Planned order is a suggested production, purchase, or replenishment order generated by an MRP or other planning systems to meet a projected shortage against desired safety stock levels.
The shortage date becomes the due date, the release date is backward scheduled based on the lead time, and the quantity is based on the specified lot size.
Planned orders for upper-level items create requirements for lower-level components, and MRP generations delete existing planned orders and regenerate new ones based on changes in requirements. Planned orders must be firmed or accepted before releasing to production or a vendor.
What is it in details
It is a term used in the MRP glossary, which reflects the projected shortage of materials, assemblies, or subassemblies against a safety stock value. An MRP generated for procuring required materials to replenish inventories is termed as a planned order. It is known the number of units ordered firmly, at the beginning of a productive time fence, to make up for spent inventories.
A planned order is always well calculated and ordered in specific quantities or lot sizes. When the projected available balance from the previous time fence is zero, after netting the scheduled receipts and inventory from the gross requirement; an MRP is generated for a planned order. This order is firmed and does not get canceled due to minor changes in the system.
What is the role of a planned order in MRP?
MRP is a computer-based inventory management system developed by a computer engineer to achieve the computerized moderation of the inventory and automation of the manufacturing process.
It makes the manufacturing process easier and has assisted production managers in scheduling purchases, keeping a tab on the materials required and that already present in the on-hand inventory, and setting up due dates for that.
Materials requirement planning is an ingenious method to automate the complicated system of inventory management and simplifies a detailed procedure of material inflow, maintenance, production purchases, scheduled stocking of the inventory, demands, and products delivered accordingly.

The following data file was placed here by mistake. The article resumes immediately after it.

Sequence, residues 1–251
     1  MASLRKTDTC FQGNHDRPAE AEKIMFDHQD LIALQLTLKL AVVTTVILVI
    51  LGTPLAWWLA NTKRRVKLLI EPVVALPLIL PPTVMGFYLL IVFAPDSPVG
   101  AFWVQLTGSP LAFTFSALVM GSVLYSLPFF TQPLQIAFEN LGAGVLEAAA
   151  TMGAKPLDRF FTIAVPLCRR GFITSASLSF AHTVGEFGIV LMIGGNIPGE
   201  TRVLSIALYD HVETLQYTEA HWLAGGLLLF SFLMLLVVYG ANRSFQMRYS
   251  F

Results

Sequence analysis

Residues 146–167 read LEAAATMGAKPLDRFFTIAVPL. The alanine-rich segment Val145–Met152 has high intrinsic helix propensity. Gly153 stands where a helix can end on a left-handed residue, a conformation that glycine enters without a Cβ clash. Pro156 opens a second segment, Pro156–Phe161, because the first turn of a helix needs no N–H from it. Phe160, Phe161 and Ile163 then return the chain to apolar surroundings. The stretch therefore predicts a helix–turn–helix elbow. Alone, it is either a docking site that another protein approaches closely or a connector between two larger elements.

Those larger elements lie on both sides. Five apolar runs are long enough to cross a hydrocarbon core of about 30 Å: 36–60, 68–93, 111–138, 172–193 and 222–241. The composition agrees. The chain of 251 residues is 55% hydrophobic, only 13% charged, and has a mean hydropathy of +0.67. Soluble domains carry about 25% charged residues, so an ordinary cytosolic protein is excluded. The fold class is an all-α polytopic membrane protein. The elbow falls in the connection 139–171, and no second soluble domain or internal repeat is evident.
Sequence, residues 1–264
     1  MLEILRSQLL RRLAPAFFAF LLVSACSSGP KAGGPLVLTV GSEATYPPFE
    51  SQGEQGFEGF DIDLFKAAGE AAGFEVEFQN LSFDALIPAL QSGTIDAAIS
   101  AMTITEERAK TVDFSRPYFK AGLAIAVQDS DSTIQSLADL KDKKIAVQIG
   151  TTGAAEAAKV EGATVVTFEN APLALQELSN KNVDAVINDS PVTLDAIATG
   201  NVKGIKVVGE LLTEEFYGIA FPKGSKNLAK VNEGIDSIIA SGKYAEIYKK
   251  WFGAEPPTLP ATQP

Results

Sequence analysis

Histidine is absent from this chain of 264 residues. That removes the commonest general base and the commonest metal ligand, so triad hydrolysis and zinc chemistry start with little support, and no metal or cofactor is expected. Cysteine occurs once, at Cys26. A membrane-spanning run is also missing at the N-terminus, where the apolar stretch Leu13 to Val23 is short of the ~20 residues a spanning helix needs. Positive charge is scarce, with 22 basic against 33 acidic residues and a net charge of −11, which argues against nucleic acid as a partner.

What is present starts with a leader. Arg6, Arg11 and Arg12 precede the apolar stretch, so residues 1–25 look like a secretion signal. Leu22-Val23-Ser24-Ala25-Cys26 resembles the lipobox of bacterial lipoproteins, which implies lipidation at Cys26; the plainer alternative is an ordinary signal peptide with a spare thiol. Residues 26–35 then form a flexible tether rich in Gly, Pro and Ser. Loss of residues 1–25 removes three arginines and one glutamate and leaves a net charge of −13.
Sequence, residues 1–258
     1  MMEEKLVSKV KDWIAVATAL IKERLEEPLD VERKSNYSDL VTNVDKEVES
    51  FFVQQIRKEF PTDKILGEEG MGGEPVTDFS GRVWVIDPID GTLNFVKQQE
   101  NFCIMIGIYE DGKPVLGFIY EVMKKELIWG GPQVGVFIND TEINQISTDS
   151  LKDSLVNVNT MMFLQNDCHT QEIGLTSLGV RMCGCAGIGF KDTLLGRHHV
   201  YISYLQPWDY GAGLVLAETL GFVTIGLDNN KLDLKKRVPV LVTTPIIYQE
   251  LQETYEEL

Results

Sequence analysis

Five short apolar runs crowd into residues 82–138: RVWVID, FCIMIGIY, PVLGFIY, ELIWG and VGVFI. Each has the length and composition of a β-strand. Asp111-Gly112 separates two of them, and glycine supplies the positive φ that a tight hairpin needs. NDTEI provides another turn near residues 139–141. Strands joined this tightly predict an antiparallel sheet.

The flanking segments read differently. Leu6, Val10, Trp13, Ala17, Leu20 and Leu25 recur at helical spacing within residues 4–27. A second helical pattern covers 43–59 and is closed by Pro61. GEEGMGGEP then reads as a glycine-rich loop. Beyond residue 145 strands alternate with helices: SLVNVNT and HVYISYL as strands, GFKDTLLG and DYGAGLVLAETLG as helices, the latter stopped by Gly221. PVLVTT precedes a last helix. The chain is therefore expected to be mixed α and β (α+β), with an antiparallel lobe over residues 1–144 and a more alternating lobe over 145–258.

Planned order in SAP is a component of MRP which is put to use when the inventory on-hand and scheduled receipts together generate a negative balance after netting from the gross requirement amount.SAP is an automatic scheduled order for materials that have been put in at the beginning of every productive time fence; only if the system qualifies for it.
MRP is of two types,
- Based on the expenditure within a specific time fence.
- Based on the consumption rate of the past periods.
No other requirement than a certain range of projected available balance can trigger an automated planned order. In case of a specific time fence, the available stock, or on-hand inventory, along with the scheduled receipts are considered for calculating whether a planner order release is required or not.
In the case of consumption-based requirement planning, the past expenditure of materials, production costs, on-time deliveries, and customer service level is considered for generating a planned order, within a particular time fence.
Let us consider an example,
Suppose an on-hand inventory present at a given moment is 40, and a demand for the first week is 50. Now as the demand is more than the projected balance, the entire balance is used up along with 10 more units. This makes the projected available balance for the next week in the negative (-10). Now, as the projected balance is negative, an MPS is released, of 60 units which makes the balance 50. This MPS released is known as a planned order release.
Now this week, there is a demand for 40units. This makes the projected available as 15. As the projected available is now positive, it does not require any MPS to be released. Hence, MPS is 0. With a zero MPS, the MRP does not release order and moves into the next time fence.
How are purchase requisitions different from planned orders?
As such, there is no difference between the planned order and purchase requisition. A planned order or production order is the predecessor to a purchase requisition. A properly investigated and rightly generated planned order later matures into a purchase requisition. This order gives the appropriate controls to a business to make purchases on the ground of business requirements.
Hence a planned order is never arbitrarily generated based on assumptions; it has to be dealt with carefully.